In Chapter Five and Six, Tobin delves into the Islamic banks.  She illustrates the complexities of making a bank “Islamic” in Jordan’s capitalist economy.  She conducts participant observation research as a bank employee, as a teller and in other positions that tend to be held by young, college-educated Jordanian women.  In a rare feat, she combines the intricate artistry of her ethnographic story with astute political economic analysis of the Jordanian capitalist consumerist culture in which these banks exist.

Tobin shows that the Islamic banks exist in a precarious place in society.  There is much debate and frustration over what makes an Islamic bank Islamic.  For example, when an Islamic bank advertises a new product, an “Islamic Credit Card,” the bank line is flooded with calls from people who ask if the credit cards that they already hold are forbidden.  Further, the bank’s Shari’a Committee is composed of Islamic scholars, who must be convinced by the bankers to get on board with the economic practices that will make the bank successful.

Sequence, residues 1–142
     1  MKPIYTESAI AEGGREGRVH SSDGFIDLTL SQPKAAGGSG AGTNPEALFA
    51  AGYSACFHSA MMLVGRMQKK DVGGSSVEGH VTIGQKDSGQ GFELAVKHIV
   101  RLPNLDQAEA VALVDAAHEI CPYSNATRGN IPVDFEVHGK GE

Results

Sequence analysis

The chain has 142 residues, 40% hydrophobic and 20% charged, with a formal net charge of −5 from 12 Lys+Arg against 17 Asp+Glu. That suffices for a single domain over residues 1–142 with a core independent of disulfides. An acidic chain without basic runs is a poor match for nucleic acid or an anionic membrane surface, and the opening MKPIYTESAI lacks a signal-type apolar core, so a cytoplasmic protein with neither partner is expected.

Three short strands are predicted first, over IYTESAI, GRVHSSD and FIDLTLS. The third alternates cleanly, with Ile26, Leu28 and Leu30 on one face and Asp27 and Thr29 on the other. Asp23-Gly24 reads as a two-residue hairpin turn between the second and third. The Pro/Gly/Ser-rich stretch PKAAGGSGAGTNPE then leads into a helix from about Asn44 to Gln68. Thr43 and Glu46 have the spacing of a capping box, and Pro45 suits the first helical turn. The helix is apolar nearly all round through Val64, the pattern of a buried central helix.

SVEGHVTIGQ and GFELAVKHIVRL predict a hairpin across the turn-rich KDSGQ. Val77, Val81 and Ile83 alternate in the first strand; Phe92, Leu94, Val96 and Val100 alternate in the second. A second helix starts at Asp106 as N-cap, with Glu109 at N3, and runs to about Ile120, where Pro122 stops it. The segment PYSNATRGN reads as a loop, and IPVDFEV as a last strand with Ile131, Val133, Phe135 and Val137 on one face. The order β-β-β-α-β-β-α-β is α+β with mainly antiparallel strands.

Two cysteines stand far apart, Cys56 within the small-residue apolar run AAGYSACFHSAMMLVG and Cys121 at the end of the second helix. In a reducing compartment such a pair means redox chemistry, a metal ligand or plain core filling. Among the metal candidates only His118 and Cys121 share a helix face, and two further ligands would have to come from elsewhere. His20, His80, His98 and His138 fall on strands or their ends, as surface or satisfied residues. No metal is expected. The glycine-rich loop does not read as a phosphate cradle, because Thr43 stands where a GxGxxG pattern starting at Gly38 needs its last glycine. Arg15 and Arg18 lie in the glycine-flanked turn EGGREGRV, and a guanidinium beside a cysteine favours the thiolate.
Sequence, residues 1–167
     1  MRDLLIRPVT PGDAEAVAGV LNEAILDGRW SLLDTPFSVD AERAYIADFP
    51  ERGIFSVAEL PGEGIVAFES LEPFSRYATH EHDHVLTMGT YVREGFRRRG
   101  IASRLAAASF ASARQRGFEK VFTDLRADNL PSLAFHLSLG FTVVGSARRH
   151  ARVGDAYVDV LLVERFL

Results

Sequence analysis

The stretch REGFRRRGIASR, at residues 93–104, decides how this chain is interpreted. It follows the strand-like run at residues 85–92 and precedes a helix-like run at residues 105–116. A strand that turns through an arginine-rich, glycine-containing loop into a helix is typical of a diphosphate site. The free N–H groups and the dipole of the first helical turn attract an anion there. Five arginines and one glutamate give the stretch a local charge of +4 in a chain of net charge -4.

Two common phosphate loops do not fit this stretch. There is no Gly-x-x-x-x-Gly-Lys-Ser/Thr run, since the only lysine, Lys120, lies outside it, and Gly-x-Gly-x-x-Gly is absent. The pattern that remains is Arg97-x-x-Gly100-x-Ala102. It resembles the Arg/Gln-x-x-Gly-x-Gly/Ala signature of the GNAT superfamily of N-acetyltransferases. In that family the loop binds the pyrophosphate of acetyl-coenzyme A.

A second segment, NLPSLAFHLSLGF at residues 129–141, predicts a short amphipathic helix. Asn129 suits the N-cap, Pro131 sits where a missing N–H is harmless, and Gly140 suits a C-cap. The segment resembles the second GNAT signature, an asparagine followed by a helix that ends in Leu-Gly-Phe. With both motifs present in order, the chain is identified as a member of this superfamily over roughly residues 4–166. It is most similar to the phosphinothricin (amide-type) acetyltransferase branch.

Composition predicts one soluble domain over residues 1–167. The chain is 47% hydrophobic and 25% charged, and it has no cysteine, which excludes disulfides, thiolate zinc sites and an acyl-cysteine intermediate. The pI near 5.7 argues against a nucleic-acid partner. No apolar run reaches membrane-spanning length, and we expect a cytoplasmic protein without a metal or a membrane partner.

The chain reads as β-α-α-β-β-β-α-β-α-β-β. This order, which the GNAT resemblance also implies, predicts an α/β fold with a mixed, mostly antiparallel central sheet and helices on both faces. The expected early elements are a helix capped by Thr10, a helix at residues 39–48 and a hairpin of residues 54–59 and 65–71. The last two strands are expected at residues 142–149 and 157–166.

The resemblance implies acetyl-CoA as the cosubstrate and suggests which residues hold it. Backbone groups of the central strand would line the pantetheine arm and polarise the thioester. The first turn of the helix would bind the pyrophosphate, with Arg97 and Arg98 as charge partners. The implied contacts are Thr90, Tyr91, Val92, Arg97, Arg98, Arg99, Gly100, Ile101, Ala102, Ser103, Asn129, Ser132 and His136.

She describes the ways in which Ammanis’ assertion of what makes for the “real Islam” are debates about adequation.  Her synopsis of the history of Shari’a and Islamic economics, the complications, technicalities, and justifications for Islamic banking and finance in a complex node in the global capitalist economy are sometimes seemingly contradictory.  How can the principles of Shari’a economics be reconciled with the brutalities of capitalism?

In Chapter Seven, Tobin describes the confusion many Muslim Ammanis feel when trying to figure out what makes an Islamic bank different from a bank that is not labeled as such.  Here, Tobin employs the psychological concept of affect (interpretations, judgments, and feelings) to analyze the uncertainty Ammanis feel about Islamic banking, and banking in the non-Islamic banks as well.  Many of her informants describe not feeling anything different when entering the Islamic banks, and therefore choosing not to bank there.  The pressures of orthopraxy also compel some Ammanis to open accounts; however, many keep accounts at the regular banks simultaneously.  Indeed, many informants felt that the bank was only Islamic in name, and doubted that there could be no interest accrued.  This, many of her informants seemed resigned to orthopraxy, without having much actual faith in the Islamic banks.